Beginning with a distinction drawn between principles of compensatory and distributive justice, Fiscus argues that the former, although often the basis for judgments made in individual discrimination cases, cannot sufficiently justify broad programs of affirmative action. Only a theory of distributive justice, one that assumes minorities have a right to what they would have gained proportionally in a nonracist society, can persuasively provide that justification. On this basis, the author argues in favor of proportional racial quotas-and challenges the charge of "reverse discrimination" raised in protest in the name of the "innocent victims" of affirmative action-as an action necessary to approach the goals of fairness and equality.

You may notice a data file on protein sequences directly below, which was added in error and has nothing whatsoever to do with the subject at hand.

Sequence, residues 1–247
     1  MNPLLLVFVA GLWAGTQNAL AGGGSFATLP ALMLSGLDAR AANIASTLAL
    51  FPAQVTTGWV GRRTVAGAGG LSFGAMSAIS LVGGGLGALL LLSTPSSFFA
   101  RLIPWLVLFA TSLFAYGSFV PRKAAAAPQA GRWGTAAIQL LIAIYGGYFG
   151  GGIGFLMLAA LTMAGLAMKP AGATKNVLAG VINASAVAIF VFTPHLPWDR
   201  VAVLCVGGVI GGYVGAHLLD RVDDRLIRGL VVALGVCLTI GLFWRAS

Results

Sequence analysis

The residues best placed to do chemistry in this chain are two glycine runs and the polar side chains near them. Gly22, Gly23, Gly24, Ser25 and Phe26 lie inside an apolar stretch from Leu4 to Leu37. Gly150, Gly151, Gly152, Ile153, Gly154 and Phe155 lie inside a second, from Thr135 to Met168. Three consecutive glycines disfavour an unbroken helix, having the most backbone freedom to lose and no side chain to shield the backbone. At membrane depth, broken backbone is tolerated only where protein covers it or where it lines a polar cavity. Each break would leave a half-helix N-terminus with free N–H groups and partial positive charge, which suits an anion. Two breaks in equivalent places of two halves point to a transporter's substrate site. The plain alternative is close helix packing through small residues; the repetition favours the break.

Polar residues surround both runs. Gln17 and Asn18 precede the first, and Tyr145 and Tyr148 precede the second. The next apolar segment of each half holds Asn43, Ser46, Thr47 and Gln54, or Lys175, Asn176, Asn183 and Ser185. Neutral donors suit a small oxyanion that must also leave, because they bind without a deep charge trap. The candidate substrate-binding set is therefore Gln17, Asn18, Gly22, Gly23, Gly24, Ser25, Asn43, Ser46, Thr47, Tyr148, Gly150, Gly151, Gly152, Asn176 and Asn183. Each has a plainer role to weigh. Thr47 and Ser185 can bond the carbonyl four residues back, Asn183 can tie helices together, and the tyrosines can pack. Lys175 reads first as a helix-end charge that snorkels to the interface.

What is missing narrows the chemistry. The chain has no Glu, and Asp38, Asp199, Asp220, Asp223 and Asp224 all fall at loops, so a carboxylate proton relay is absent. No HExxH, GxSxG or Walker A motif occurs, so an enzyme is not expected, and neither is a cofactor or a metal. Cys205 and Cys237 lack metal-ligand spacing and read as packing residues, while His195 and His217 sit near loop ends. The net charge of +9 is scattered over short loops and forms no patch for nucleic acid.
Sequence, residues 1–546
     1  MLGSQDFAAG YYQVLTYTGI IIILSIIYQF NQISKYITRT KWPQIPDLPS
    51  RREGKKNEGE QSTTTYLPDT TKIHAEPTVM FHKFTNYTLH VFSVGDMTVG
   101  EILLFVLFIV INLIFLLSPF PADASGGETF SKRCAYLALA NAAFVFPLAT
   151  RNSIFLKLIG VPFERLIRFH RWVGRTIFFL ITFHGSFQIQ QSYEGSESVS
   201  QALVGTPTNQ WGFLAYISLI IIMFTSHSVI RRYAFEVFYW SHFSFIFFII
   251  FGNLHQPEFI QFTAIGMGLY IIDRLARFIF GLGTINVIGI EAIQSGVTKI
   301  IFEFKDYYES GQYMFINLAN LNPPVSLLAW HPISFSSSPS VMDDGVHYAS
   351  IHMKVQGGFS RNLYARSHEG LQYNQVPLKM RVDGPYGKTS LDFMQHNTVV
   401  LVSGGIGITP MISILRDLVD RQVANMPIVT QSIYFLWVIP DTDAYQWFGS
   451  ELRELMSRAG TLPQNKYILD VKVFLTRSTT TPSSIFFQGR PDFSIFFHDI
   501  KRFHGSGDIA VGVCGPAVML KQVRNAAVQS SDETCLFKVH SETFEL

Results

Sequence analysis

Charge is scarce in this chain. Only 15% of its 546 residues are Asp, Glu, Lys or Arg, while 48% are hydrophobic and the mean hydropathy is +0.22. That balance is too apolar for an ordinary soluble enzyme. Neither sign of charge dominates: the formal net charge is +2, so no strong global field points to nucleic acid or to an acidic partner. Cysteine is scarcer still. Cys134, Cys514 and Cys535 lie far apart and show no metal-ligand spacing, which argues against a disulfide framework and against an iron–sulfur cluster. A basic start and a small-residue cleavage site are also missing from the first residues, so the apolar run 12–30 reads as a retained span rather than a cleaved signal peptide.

The Constitutional Logic of Affirmative Action focuses on Supreme Court affirmative action rulings from Bakke (1976) to Croson (1989) and includes an epilogue by editor Stephen L. Wasby that considers developments through 1995. General readers concerned with racial justice, affirmative action, and public policy, as well as legal specialists and constitutional scholars will find Fiscus's argument passionate, balanced, and persuasive.
Publisher: Duke University Press
Number of pages: 176
Weight: 272 g
Dimensions: 229 x 140 x 14 mm
"At a time when the mere mention of quotas sends politicians of all stripes running for cover, it is remarkable to see someone looking at the crowd calmly, and making distinctions which show that, like anything else, quotas can be well used or used in ways that are unjust."-Stanley Fish, Duke University